Stock analysis is a major challenge for value investors. Although, investors believe that focusing on the rudiments rules that governs investing is one sure way of getting a return on their investment.

This is the reason an investor should pay keen attention to the metrics that matters. These  fundamental metrics  are proven over time have served guide for investors.

You cannot afford to overlook these fundamentals; they help you reveal the company’s health.

The major constituent of a company health is the financial and operational data. This will give you the required information you need as an investor to disregard the stocks that are trading less than their value.




As a value investor before taking the decision to invest in any company, measure these 5 fundamental metrics:

Earning Multiples

This is also as also called price to earning ratio. It’s  one of the basic indicator you need know and it is the most valuable.

Follow this formula to get the earning multiples of any organisation:

To get the P/E Ratio, you should divide the stock’s share price by its earnings per share. The value you get represents how much an investor is willing to shell out for each dollar of a company’s earnings.

You should be careful when trying to arrive at this value; because it is not obtainable when an investor is trying to compare different industries.

 Market-to-Book ratio

 While the earning multiples speak of what Investors often use to this  predict the future earnings per share, the market-to-book ratio reveals something different.

Also known as price to book ratio (P/B), the market-to-book value is always located on the balance sheet. It measures the  market price of a company in relation to what it has in the book.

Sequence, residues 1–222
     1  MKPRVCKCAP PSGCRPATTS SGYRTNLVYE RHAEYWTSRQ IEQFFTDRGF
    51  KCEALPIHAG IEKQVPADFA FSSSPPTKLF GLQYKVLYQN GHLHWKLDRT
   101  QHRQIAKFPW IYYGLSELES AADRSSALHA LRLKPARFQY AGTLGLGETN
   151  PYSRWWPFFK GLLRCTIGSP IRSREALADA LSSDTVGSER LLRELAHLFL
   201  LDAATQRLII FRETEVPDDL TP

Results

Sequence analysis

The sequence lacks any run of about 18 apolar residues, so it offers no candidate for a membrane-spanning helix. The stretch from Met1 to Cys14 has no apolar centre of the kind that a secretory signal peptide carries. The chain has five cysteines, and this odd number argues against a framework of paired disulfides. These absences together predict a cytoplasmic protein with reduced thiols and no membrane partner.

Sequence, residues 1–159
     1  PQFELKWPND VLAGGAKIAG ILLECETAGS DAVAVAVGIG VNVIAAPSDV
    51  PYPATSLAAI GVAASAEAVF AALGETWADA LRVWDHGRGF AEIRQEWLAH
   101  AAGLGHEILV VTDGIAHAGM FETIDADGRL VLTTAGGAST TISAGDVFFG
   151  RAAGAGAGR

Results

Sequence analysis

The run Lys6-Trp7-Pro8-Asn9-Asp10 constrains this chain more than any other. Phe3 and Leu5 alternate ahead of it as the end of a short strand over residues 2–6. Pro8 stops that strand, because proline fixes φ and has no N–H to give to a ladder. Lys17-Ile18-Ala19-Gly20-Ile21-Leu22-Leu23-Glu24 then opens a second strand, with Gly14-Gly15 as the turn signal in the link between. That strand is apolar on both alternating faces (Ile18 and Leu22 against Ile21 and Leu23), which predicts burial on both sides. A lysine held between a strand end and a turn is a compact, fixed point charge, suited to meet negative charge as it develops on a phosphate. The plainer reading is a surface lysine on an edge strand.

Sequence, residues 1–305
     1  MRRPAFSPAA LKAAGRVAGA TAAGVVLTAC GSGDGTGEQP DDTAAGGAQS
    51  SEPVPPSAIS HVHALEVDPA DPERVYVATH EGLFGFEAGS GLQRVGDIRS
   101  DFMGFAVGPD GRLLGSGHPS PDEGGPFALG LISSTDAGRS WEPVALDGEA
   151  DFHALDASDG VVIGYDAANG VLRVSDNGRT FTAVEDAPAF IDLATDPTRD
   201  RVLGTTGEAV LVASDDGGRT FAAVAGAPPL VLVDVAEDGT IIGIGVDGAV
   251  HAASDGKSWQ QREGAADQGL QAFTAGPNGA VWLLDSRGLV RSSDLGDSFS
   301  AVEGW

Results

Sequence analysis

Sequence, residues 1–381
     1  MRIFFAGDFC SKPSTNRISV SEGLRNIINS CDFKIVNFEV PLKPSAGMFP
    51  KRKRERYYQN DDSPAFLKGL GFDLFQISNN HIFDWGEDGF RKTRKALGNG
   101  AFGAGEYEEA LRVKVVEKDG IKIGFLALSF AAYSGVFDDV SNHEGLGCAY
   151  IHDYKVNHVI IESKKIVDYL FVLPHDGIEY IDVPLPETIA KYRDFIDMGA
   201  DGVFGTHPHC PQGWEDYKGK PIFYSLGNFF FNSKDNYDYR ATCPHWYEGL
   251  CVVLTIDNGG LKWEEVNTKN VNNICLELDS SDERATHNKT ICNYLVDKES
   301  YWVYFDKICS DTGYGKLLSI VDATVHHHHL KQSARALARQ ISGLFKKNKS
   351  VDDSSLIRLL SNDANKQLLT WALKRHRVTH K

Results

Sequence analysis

The ratio reveals  how much equity investors are paying for each dollar in net assets. You can arrive at  (P/B) value by dividing the stock’s share price by its net assets.

Kindly note that intangible assets must be taken into consideration when carrying out this measurement. This enables the to be investor arrive at the value shareholders are paying for real tangible assets.

Risk Gearing

An investors need to know how a company  finances all its assets. It tells the investor the financial ratio indicating the relative proportion for  the  shareholders and the debt used to finance the company’s asset.

This is also called  Debt-to-equity ratio. An investor needs to pay keen attention to balance sheet to get this information. It tells the investor the capital being contributed by creditors and the capital contributed by shareholders. The investor also gets to know the extent to which the shareholders equity can fulfil a company’s obligation.

To get the Debt-to-equity ratio; divide the total debt of the company with the total equity of the company.

Free Cash Flow

“The life of all flesh is in the blood.”

This general saying is the same for any business or investment.

An investor needs to evaluate the level of free cash flow before taking any investment decision.

What is free cash flow?

This is the money that a company is able to raise after the required spending to maintain or expand its asset base.

You need this information because it tells you how much cash a company is left with after expending cash on capital investment.

PEG Ratio

The PEG ratio is an acronym for price/earnings to growth ratio. And it  is a valuation metric for determining the relative trade-off between the price of a stock, the earnings generated per share (EPS), and the company’s expected growth. In general, the P/E ratio is higher for a company with a higher growth rate.

It is used determine a stock’s value while taking the company’s earnings growth into account. The PEG ratio is  provides a more complete picture than the P/E ratio.
Read more about the PEG ratio.

These five metrics are basic for anyone who want to invest in a company stock. They are proven path follow them.